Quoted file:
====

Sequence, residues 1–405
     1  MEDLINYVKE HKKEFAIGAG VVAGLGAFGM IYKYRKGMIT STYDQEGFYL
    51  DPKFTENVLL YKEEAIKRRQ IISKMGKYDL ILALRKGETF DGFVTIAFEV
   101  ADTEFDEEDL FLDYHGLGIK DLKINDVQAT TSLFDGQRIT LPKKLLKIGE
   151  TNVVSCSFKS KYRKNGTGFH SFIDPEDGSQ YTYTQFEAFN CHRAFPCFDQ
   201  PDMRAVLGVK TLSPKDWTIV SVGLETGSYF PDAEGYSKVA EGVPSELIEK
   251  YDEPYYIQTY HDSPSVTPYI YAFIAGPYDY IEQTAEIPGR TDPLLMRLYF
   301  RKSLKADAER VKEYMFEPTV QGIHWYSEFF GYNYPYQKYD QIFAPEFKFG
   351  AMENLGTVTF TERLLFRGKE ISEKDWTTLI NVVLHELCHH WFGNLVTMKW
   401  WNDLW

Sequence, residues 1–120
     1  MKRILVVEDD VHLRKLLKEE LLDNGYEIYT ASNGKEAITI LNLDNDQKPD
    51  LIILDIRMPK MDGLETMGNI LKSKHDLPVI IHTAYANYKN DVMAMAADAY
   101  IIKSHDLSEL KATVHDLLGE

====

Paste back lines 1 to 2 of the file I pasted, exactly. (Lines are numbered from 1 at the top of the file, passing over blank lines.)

Sequence, residues 1–405
     1  MEDLINYVKE HKKEFAIGAG VVAGLGAFGM IYKYRKGMIT STYDQEGFYL